Labour abandons support for gay marriage "wrecking" amendment

The party tables its own rival amendment to establish a consultation on introducing civil partnerships for heterosexual couples.

After ministers warned that the amendment to the gay marriage bill establishing civil partnerships for heterosexual couples could "wreck" the legislation, Labour has opted not to support the amendment and instead table its own. 

The Labour amendment, as outlined by Yvette Cooper on The World At One, would establish "an immediate consultation on opposite sex civil partnerships", which, she said, could begin even before the bill has completed its parliamentary passage. Cooper went on to confirm that, while this is a free vote, she was recommending that MPs do not support the amendment tabled by former Tory minister Tim Loughton, which would introduce  heterosexual civil partnerships. This was widely viewed by ministers as an attempt to "wreck" the bill, not least because Loughton and the other Tory MPs supporting it are opponents of gay marriage. Government sources had warned that it could delay the introduction of equal marriage until after the general election.

Labour had also suggested that the amendment could be used by the government as a convenient excuse to abandon the bill, an option ministers insisted they were not considering. But by opposing the Loughton amendment, Cooper said, Labour was ensuring that neither the government nor MPs could "wreck" the legislation.

With Labour and most Lib Dem MPs now planning either to abstain or vote against the amendment, any chance there was of it passing has ended. 

Update: A Labour source has told The Staggers that Labour will abstain from voting on the Loughton amendment, meaning that its fate will likely depend on the Lib Dems (Cameron and other Tory supporters of gay marriage will vote against it).

Earlier today, Nick Clegg suggested that he would be prepared to vote against the amendment if necessary to save the bill. He said: "I don't want anything to interfere with the central purpose of this legislation ... The bottom line is that I will do whatever I judge is best to safeguard the bill and to make sure that it does not become hijacked by those whose ulterior motive is actually to discredit or to derail the legislation."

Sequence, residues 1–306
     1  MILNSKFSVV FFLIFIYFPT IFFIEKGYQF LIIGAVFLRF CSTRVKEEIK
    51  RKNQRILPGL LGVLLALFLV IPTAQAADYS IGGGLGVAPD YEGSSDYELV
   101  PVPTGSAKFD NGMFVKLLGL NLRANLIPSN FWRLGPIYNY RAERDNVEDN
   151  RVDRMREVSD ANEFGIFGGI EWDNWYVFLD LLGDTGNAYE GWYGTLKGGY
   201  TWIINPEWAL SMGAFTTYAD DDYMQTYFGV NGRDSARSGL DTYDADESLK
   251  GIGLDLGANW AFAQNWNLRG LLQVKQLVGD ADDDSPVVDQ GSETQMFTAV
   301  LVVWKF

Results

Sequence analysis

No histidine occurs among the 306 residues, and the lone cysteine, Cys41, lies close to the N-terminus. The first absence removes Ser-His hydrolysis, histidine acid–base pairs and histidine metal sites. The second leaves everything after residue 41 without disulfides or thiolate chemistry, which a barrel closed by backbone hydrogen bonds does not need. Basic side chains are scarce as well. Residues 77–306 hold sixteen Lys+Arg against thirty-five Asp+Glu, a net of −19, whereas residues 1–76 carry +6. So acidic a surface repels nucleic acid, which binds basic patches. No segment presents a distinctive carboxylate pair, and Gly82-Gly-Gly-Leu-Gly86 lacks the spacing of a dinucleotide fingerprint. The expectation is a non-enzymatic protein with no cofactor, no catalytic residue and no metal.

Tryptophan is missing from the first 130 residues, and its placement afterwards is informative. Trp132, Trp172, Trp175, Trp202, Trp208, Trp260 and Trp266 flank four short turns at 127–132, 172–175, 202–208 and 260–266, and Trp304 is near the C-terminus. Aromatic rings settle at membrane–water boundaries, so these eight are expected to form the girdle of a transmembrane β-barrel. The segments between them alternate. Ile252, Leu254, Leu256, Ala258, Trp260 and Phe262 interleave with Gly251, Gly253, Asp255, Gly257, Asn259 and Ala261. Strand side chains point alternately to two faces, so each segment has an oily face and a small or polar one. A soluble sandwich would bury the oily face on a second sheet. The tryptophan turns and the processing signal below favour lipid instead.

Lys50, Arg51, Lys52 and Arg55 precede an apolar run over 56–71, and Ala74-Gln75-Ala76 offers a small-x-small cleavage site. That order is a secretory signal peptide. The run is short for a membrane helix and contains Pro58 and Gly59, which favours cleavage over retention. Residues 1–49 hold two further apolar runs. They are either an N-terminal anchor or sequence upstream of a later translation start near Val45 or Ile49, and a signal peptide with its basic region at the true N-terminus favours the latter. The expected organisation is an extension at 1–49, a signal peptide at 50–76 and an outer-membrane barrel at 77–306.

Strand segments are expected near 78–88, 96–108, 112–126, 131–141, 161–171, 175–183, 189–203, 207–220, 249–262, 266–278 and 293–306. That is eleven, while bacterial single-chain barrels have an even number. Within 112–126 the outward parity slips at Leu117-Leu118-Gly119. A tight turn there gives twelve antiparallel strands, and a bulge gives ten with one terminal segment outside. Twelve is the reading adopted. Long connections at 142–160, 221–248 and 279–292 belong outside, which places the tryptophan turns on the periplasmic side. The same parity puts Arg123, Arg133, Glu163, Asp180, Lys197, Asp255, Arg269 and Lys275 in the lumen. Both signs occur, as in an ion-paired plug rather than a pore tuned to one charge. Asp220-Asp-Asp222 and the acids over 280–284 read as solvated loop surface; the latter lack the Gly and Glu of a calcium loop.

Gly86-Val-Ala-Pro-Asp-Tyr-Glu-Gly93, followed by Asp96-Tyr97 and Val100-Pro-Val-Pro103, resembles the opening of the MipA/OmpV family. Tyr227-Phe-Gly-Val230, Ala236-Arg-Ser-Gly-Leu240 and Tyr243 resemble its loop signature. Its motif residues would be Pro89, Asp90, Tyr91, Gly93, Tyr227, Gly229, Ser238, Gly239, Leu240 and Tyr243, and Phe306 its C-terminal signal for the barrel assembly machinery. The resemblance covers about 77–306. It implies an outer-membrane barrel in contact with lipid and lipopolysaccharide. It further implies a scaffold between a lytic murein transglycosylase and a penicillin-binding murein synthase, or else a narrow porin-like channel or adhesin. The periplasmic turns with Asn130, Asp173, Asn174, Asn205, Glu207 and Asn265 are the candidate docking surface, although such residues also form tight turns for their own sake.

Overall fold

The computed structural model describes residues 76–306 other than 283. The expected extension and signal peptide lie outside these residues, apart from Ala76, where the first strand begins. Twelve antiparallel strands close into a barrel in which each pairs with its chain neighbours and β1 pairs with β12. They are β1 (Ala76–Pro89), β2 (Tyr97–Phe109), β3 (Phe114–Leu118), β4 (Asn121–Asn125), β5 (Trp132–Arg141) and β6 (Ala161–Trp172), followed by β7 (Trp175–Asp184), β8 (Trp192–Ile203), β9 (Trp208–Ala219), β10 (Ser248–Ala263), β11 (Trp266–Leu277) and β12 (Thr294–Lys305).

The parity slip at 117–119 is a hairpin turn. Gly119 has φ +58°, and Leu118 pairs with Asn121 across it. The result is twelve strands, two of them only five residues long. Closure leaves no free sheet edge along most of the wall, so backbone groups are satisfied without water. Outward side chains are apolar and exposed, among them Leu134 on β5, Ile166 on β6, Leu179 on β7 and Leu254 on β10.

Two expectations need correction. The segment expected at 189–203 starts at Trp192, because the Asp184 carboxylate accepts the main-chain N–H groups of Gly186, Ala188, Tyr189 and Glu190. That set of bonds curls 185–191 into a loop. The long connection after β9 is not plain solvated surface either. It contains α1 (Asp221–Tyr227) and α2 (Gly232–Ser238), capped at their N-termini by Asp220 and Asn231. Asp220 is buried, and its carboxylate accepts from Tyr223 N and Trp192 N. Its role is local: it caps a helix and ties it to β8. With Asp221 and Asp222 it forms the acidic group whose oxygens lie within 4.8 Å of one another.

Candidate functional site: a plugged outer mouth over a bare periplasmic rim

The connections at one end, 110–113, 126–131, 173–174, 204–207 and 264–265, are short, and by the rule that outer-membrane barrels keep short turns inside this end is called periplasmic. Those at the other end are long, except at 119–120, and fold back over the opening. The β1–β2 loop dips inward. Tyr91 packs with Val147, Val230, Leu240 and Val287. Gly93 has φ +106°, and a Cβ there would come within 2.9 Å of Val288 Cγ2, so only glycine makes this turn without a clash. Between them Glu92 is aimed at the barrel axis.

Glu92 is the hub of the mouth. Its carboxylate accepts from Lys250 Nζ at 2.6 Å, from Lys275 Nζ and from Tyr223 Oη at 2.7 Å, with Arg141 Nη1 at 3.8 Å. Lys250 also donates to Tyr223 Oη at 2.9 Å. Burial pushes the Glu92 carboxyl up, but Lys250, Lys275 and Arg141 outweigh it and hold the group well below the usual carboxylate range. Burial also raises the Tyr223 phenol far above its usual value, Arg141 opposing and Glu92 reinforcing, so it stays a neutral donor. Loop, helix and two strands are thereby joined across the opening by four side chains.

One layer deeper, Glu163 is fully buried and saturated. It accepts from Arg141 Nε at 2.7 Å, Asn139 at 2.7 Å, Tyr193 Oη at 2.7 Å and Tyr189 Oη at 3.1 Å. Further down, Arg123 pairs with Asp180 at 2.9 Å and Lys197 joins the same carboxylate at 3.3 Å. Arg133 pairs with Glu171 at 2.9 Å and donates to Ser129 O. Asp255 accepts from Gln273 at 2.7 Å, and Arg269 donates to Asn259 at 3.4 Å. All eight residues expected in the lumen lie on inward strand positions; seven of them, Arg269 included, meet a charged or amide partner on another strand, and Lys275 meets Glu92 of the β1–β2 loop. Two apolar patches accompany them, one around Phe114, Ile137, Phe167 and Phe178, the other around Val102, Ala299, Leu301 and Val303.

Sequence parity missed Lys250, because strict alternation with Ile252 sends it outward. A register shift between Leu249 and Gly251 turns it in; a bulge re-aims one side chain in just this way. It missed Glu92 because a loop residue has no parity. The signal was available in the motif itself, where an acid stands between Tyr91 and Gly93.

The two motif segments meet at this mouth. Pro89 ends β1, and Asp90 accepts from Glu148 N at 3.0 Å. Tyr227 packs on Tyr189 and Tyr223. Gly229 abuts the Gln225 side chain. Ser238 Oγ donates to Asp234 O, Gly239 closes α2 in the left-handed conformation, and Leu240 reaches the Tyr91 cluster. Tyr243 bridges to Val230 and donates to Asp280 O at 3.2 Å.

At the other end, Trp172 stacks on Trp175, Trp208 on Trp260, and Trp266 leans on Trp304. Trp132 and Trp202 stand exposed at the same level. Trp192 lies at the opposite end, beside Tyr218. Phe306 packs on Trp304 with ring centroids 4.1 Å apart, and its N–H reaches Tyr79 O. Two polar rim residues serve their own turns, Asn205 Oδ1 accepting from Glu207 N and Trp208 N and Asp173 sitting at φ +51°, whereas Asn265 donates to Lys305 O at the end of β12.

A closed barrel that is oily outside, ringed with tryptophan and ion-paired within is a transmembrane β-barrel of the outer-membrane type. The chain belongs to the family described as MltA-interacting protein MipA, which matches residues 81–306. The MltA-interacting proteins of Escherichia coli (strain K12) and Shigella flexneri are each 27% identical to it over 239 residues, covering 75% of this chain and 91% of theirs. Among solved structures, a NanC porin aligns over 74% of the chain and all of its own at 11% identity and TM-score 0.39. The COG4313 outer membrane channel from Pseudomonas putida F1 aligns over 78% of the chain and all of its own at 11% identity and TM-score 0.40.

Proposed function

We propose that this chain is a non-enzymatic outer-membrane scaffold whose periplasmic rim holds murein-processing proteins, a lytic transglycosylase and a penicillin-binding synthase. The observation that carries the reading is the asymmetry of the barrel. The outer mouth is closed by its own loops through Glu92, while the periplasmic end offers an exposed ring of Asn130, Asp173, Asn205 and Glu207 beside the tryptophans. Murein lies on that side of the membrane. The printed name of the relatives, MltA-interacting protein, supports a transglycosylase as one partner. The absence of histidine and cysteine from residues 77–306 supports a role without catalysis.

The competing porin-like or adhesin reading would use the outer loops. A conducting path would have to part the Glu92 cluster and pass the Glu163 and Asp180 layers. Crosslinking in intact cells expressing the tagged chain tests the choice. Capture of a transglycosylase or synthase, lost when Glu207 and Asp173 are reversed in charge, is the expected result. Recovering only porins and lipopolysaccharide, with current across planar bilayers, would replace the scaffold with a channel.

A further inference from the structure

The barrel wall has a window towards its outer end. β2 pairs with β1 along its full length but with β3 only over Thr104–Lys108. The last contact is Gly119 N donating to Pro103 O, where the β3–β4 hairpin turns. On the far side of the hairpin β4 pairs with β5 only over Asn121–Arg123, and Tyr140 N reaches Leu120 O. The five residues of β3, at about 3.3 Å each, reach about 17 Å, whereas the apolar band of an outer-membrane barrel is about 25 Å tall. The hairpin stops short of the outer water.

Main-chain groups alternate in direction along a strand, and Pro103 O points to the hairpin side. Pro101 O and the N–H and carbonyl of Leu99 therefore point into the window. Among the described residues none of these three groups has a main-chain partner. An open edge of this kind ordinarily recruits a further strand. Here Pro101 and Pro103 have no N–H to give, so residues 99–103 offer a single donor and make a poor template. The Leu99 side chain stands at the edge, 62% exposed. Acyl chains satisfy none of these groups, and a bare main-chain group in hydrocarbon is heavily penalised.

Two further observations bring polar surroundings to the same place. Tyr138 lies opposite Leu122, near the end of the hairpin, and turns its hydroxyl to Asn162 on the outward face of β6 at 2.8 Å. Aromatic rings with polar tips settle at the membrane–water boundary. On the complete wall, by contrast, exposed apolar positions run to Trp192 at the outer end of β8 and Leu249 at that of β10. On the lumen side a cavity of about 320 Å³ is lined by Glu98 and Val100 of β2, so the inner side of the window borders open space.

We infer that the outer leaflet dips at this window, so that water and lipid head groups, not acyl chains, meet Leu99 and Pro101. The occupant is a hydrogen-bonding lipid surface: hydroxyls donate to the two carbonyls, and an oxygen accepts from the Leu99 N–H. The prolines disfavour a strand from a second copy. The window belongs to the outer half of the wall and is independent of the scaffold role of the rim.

Shadow home secretary Yvette Cooper speaks at last year's Labour conference in Manchester. Photograph: Getty Images.

George Eaton is political editor of the New Statesman.

Photo: Getty
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Rising crime and fewer police show the most damaging impacts of austerity

We need to protect those who protect us.

Today’s revelation that police-recorded crime has risen by 10 per cent across England and Wales shows one of the most damaging impacts of austerity. Behind the cold figures are countless stories of personal misery; 723 homicides, 466,018 crimes with violence resulting in injury, and 205,869 domestic burglaries to take just a few examples.

It is crucial that politicians of all parties seek to address this rising level of violence and offer solutions to halt the increase in violent crime. I challenge any Tory to defend the idea that their constituents are best served by a continued squeeze on police budgets, when the number of officers is already at the lowest level for more than 30 years.

This week saw the launch Chris Bryant's Protect The Protectors Private Member’s Bill, which aims to secure greater protections for emergency service workers. It carries on where my attempts in the last parliament left off, and could not come at a more important time. Cuts to the number of police officers on our streets have not only left our communities less safe, but officers themselves are now more vulnerable as well.